Sonny’s hand shook as he took a drag from his cigarette. Rain drops from the eaves above bruised onto Sonny’s faded grey scaly cap. He watched on as his lifelong friend Daniel reached the walkway to the funeral home. With his head down, and hands in his rain slicker’s pockets, Daniel walked down the cobbled path. “Sonny,” he said with a nod, as he reached the tall, twin hinged doors. The two men shared a moment of a silence, backs toward the funeral home, long faces towards the rain, as Sonny’s cigarette began to fade.
On the night Frank Pearls died, he gathered his little congregation around his chair and gave each of them a little snack like a priest giving Holy Communion. They received their snacks gleefully and smacked their lips to show their appreciation. Then he settled back in his chair, swallowed another glass of whiskey, filled the glass again, and in his calm, pleasant voice, proceeded – sometimes he would read to them from Joyce, or Kierkegaard, or Al Capp, or sometimes he would just talk to them about philosophy, but he would never tell them it was philosophy. Tonight he would talk.
Frank always hated rainy days. He hated them when he was working and he hated them when he was ill. Like today. Today was gray and wet. The leaves, falling steadily from the big oak out front, randomly blew against the rain-splattered window beside his bed and stuck there momentarily before gradually sliding down onto the sill where they gathered into a brownish, wet pile and ultimately fell to the ground beneath the rhododendron bush.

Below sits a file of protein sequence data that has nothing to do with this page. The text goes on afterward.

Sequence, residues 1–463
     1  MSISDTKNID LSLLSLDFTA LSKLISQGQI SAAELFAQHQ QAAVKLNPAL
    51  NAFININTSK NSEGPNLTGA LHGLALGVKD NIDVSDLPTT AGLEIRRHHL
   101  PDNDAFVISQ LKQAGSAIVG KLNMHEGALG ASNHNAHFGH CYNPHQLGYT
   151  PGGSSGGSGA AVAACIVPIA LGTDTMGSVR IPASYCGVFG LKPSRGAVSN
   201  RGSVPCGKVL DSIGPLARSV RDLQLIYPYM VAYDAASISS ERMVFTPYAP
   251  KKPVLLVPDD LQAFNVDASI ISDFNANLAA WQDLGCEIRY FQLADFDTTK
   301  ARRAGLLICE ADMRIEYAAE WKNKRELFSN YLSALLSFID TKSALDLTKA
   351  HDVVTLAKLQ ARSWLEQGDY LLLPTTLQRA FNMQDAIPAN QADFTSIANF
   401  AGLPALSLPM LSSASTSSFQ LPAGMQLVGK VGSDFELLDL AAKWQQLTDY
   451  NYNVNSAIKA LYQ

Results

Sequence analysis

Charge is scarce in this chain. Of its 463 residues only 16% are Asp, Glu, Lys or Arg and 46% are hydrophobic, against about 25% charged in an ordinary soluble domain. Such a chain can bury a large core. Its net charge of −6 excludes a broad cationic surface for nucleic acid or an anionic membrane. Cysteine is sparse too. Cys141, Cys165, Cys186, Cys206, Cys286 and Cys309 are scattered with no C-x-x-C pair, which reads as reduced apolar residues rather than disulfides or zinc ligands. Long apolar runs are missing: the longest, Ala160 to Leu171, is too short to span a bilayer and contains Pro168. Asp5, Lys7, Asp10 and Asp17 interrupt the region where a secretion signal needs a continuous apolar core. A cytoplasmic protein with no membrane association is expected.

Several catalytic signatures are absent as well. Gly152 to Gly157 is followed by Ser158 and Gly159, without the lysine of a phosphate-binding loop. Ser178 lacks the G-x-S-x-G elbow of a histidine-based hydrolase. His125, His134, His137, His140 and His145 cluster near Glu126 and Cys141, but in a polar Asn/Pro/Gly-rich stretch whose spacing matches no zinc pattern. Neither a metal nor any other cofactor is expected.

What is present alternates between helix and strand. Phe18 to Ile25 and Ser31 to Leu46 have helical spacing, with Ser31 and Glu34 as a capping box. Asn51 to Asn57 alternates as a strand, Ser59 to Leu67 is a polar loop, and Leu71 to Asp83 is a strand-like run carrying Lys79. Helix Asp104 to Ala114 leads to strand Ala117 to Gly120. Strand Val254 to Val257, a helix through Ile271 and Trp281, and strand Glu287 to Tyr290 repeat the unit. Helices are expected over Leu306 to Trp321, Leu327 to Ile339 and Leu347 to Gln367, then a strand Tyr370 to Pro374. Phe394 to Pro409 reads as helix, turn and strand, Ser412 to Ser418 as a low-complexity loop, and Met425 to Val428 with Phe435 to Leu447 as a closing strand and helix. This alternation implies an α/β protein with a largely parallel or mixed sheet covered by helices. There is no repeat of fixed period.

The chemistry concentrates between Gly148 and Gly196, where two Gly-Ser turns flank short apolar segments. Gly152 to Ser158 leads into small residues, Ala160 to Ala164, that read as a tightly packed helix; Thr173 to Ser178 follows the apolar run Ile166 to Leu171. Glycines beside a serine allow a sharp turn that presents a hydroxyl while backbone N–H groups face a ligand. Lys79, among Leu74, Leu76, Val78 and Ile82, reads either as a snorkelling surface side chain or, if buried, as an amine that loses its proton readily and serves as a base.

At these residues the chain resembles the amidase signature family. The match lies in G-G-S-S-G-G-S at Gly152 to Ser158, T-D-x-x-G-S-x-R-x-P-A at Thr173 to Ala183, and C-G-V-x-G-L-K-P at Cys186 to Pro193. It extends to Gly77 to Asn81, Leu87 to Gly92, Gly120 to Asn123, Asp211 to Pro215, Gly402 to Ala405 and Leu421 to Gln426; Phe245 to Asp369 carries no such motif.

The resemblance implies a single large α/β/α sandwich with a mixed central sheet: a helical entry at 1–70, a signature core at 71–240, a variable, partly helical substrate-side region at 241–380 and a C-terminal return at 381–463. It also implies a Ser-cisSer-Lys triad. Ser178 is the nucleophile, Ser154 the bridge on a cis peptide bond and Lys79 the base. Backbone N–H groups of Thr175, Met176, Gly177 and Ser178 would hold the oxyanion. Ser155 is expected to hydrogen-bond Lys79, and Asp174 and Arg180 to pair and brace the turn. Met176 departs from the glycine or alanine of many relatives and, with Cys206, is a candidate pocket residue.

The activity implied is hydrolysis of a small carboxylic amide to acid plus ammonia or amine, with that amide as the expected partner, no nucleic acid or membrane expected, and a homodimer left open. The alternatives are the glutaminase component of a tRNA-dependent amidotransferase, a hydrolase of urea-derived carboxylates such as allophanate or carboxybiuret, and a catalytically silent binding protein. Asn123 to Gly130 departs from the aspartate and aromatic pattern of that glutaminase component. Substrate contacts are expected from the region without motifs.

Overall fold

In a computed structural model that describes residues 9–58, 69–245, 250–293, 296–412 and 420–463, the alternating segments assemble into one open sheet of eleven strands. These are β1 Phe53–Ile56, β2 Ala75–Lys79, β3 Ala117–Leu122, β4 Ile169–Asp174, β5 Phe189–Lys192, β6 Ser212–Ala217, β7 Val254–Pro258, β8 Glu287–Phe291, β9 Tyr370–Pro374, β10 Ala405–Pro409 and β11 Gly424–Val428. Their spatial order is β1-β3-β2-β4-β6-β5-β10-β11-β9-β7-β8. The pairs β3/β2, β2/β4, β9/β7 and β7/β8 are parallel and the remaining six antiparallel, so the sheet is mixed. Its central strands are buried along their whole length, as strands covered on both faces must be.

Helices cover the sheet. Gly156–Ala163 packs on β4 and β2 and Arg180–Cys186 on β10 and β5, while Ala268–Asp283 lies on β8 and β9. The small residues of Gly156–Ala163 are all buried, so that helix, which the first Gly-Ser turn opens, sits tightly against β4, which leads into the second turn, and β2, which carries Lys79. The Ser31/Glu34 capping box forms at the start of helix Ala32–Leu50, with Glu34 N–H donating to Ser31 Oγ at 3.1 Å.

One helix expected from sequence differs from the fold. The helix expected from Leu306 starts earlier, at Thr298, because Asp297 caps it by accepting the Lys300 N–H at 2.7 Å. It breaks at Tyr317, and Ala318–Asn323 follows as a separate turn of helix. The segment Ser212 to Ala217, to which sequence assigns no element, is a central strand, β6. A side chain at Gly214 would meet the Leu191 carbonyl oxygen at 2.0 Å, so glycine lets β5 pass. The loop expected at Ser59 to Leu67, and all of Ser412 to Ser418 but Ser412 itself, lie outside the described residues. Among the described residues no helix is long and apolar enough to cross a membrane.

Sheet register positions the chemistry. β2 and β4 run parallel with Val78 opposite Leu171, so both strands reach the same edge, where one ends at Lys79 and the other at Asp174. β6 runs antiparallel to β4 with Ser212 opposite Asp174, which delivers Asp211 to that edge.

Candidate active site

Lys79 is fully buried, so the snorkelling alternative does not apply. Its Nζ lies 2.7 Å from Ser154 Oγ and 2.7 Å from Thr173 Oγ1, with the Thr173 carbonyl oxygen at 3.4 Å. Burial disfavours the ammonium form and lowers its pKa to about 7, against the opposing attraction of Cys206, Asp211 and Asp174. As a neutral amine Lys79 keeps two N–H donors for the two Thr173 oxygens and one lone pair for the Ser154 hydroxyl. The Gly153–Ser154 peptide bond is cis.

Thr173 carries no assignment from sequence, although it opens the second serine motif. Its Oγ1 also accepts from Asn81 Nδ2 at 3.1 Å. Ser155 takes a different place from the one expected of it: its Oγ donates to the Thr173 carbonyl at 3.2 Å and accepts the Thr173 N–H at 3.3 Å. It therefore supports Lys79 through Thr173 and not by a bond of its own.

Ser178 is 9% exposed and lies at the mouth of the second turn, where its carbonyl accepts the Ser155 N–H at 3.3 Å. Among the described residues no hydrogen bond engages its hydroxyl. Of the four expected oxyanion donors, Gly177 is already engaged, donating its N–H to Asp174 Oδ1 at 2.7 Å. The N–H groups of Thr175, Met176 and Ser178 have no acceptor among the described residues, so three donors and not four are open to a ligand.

I take it it will be you Pig Bastards who are reading this? It’s been a long time since I’ve had reason to type. Thank fuck for spell check or you would think I am a total retard, I’m not, I’m a fucking enigma!
My Mum didn’t die a peaceful death. She got bitten on her toe by a rattlesnake whilst walking through the big park at night in her flip flops. She didn’t have the cell phone with her because my Dad had it that night. The poison got into her veins and stopped her heart. The next time when we saw her, she was all stiff and puffy. But her face was angry, most likely about the cell phone, I think. My Dad says she comes back in the form of a hurricane every few years or so and it’s our goddammed duty to weather the storm. He says they can call ‘em whatever they want – Irma, Katrina, Harvey, but they all Hurricane Josephine to him.
I’m on my third slow loop through a nearly-empty parking lot, passing by darkened stores as the last workers depart on a Sunday night. The land on which the mall sits was once part of the Everglades – I helped survey it as a summer job years ago. I’d wade into the forest with a machete and mark the trees developers would be saving – the slash pines were going, but the live oaks would stay to be stranded in asphalt.
Three days ago, Tristan, my cousin’s boyfriend, was waiting at a stop sign on his motorcycle when an inattentive driver plowed into him. If I delay my arrival any longer, I’d miss his viewing completely, so I finally drive across the street to the funeral home.
I could picture what it would be like if we met again all these years later. It might go down like this: After 670 miles of a pretty cross country haul, I’d see the meeting-place pub we’d picked sitting brown and ugly like a hovel at the side of the road, a meeting place for the century, out there in some square, hard country setting. And I’d brace myself for comrades, the long stretch between get-togethers, wondering what the hard stuff would do to me this time. Undoubtedly it would leave tracks again.
I closed my eyes, wondering all over again. I hoped Balbo would be in there and Diaz. I hoped Archie’d be in there, red in the face, after his fifth visit, his third wife, his second hospital stay, counting his visits, keeping the tab at his elbow, paying it with no fanfare at all, sometimes embarrassed by his own quick acceptance of it, owing somebody, always owing somebody in this crazy life.